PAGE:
Retail giant to rate animal products for ethical treatment
Whole Foods’ U.S. stores to offer new animal welfare certification system for meat and poultry
Whole Foods Market in the U.S. has announced that it will begin certifying beef, pork and chicken products under the 5-Step Animal Welfare Rating Standards that tracks how animals were raised.
The Step program was developed by Washington, D.C.-based Global Animal Partnership, a non-profit organization founded in 2008, whose membership includes farmers, ranchers, scientists, animal advocates and retailers.
The initiative recognizes producers for good animal welfare practices through a tiered system (ranging from Step 1 – no crates, cages or crowding – to Step 5+ – the animal has spent its entire life on one farm), and encourages continuous improvement. Products are audited and certified by independent third-party certification companies.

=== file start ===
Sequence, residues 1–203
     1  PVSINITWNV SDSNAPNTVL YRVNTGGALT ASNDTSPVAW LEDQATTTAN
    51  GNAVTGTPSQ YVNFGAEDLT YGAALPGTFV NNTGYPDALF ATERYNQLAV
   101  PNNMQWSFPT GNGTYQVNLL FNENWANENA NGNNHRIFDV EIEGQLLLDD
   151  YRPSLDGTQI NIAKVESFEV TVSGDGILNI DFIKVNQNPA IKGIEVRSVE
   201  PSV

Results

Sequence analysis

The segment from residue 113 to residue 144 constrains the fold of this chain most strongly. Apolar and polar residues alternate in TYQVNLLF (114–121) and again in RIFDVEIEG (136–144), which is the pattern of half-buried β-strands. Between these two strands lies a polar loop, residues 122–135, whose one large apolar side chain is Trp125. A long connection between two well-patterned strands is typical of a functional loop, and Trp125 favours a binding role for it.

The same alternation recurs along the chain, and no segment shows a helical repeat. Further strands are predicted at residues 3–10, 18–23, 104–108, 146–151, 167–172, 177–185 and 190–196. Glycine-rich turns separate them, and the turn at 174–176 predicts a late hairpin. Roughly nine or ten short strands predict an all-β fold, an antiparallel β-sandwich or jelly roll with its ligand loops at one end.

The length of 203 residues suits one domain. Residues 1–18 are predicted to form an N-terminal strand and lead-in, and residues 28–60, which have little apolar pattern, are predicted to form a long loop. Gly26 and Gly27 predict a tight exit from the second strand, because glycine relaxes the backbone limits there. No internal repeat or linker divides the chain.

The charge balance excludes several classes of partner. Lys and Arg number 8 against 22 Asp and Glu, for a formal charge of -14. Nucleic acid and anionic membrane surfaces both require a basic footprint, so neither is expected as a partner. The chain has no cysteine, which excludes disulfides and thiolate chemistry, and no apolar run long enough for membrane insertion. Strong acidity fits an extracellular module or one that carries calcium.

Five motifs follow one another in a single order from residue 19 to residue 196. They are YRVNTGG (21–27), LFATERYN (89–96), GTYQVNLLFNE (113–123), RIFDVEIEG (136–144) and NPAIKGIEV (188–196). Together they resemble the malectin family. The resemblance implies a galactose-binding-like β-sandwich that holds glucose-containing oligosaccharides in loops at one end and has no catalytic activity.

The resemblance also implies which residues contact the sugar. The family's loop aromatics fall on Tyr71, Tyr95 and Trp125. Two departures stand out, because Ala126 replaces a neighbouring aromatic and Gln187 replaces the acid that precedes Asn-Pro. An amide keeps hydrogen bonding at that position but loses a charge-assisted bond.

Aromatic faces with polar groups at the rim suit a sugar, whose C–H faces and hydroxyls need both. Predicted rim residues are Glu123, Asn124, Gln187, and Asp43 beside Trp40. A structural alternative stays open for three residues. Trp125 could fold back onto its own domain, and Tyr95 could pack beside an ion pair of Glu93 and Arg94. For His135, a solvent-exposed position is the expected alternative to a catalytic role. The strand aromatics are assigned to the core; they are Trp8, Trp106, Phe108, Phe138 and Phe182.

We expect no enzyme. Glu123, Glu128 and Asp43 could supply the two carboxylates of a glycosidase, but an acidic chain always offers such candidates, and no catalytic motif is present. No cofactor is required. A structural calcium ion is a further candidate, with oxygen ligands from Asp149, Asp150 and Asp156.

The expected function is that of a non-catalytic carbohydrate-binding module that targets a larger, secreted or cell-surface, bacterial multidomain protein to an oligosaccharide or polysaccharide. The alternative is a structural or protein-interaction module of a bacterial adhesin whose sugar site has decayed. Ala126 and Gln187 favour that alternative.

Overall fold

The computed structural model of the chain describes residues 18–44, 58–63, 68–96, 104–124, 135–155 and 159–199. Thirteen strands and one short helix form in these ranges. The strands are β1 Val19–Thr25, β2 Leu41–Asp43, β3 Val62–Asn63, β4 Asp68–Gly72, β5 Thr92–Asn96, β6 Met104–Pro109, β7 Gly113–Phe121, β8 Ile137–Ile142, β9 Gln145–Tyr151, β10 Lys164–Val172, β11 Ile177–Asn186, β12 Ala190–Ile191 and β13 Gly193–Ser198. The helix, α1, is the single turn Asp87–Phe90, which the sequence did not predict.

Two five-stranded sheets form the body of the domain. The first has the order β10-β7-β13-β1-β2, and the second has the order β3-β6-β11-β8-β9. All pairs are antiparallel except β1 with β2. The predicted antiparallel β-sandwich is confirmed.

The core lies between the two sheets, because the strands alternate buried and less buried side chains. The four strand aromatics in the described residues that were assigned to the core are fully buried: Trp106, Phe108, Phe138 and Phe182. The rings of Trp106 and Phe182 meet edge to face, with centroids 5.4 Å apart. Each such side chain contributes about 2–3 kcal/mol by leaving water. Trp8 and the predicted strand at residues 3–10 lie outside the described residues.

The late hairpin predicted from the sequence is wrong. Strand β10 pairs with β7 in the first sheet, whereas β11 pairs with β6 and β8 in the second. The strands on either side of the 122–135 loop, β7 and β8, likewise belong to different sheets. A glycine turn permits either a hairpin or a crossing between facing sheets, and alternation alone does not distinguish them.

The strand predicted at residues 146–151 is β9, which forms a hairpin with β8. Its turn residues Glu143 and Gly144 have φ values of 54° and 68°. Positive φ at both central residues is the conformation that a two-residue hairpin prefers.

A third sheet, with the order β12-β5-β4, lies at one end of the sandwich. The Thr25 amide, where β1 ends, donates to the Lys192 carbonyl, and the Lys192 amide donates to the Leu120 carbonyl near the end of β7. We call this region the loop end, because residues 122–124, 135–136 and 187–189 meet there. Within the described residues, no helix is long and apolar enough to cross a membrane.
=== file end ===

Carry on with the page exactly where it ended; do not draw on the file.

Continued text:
“Our customers have long been asking for information on the raising practices on the farms and ranches that provide products to our stores,” says A.C. Gallo, president and COO for Austin, Texas-based Whole Foods Market. “We are proud to adopt this new rating system that helps shoppers make even more informed buying decisions while offering them peace of mind that the animals from our producers are raised with care.”
More than 1,200 farms and ranches supplying meat to Whole Foods have now received Step certification. According to the natural foods retailer, even reaching Step 1 involves meeting approximately 100 requirements.
Whole Foods will identify the Step ratings on meat with signs and stickers throughout its meat departments. By May 9, the store says all fresh and pre-packaged beef, chicken and pork products in its 291 U.S. locations will be rated. Whole Foods also notes that more species will be added as Global Animal Partnership standards are completed.